knocker; that entertained you in the sitting room with its stiff, leather-covered furniture, the brass-headed tacks whereof sparkled like so many stars—a cleanliness that bade you farewell in the spotless stretch of sand-sprinkled hallway, the wooden floor of which was worn into knobs around the nail heads by the countless scourings and scrubbings to which it had been subjected and which left behind them an all-pervading faint, fragrant odor of soap and warm water.
Eleazer Cooper and his wife were childless, but one inmate made the great, silent, shady house bright with life. Lucinda Fairbanks, a niece of Captain Cooper’s by his only sister, was a handsome, sprightly girl of eighteen or twenty, and a great favorite in the Quaker society of the city.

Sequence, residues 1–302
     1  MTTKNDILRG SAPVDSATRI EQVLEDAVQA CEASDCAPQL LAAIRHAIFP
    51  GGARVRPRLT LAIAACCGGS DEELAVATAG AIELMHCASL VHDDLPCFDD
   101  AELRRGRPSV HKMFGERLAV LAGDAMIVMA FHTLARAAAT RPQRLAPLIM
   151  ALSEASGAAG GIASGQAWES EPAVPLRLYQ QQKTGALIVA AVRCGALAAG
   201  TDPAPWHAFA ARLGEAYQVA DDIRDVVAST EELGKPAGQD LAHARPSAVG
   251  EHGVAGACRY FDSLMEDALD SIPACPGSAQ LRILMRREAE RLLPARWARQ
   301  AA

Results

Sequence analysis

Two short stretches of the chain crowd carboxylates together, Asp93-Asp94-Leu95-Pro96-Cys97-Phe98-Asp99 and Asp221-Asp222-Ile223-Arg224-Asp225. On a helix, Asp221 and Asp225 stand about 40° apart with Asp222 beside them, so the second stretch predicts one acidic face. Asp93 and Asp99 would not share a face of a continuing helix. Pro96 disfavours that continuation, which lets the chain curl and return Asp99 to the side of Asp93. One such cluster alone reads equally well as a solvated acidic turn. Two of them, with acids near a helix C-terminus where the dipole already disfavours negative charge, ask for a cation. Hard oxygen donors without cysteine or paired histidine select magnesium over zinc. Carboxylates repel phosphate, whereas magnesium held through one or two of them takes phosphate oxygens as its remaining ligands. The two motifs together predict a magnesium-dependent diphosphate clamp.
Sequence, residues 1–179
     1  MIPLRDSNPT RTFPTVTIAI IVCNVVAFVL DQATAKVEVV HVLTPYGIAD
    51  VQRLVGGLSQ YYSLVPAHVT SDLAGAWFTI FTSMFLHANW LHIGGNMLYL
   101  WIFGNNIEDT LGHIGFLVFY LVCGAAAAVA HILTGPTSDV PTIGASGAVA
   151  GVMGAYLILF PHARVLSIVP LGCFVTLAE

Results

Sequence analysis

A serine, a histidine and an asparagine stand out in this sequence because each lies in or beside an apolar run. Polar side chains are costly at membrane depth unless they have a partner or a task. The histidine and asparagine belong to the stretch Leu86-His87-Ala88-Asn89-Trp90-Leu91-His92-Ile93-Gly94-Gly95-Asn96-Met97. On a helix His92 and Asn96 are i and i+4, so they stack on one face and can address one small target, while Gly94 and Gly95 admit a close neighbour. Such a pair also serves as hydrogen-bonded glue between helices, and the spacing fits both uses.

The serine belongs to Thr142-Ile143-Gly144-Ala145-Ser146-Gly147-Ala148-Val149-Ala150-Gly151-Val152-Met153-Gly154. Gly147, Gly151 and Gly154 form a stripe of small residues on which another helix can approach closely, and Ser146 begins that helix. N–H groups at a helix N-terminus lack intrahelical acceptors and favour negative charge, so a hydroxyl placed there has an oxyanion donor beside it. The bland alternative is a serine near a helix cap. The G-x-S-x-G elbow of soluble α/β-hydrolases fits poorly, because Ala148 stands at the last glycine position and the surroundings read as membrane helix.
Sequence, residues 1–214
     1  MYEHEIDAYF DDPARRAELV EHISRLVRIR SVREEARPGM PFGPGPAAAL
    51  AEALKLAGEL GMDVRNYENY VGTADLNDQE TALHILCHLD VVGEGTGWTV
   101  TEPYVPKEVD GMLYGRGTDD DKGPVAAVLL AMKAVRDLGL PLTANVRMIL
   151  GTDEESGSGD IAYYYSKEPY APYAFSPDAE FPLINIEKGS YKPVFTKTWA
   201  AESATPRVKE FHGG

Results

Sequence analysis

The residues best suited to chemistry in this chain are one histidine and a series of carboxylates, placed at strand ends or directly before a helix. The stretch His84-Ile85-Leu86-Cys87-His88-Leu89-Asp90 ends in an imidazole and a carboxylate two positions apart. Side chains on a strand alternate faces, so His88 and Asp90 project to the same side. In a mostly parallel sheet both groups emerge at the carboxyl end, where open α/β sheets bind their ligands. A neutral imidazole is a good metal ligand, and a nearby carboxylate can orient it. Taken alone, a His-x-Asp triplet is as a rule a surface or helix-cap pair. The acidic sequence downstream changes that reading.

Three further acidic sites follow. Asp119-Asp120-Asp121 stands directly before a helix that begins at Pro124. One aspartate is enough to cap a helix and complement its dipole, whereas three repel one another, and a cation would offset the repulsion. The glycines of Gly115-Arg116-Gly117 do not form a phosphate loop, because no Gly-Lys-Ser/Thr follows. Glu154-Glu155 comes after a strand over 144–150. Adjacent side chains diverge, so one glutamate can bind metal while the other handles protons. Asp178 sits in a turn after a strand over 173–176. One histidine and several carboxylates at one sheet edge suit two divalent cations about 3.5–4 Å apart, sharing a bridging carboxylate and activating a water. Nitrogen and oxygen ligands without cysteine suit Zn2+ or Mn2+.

It remains only to introduce the final and, perhaps, the most important actor of the narrative Lieut. James Mainwaring. During the past twelve months or so he had been a frequent visitor at the Cooper house. At this time he was a broad-shouldered, red-cheeked, stalwart fellow of twenty-six or twenty-eight. He was a great social favorite, and possessed the added romantic interest of having been aboard the Constitution when she fought the Guerriere, and of having, with his own hands, touched the match that fired the first gun of that great battle.
Mainwaring’s mother and Eliza Cooper had always been intimate friends, and the coming and going of the young man during his leave of absence were looked upon in the house as quite a matter of course. Half a dozen times a week he would drop in to execute some little commission for the ladies, or, if Captain Cooper was at home, to smoke a pipe of tobacco with him, to sip a dram of his famous old Jamaica rum, or to play a rubber of checkers of an evening. It is not likely that either of the older people was the least aware of the real cause of his visits; still less did they suspect that any passages of sentiment had passed between the young people.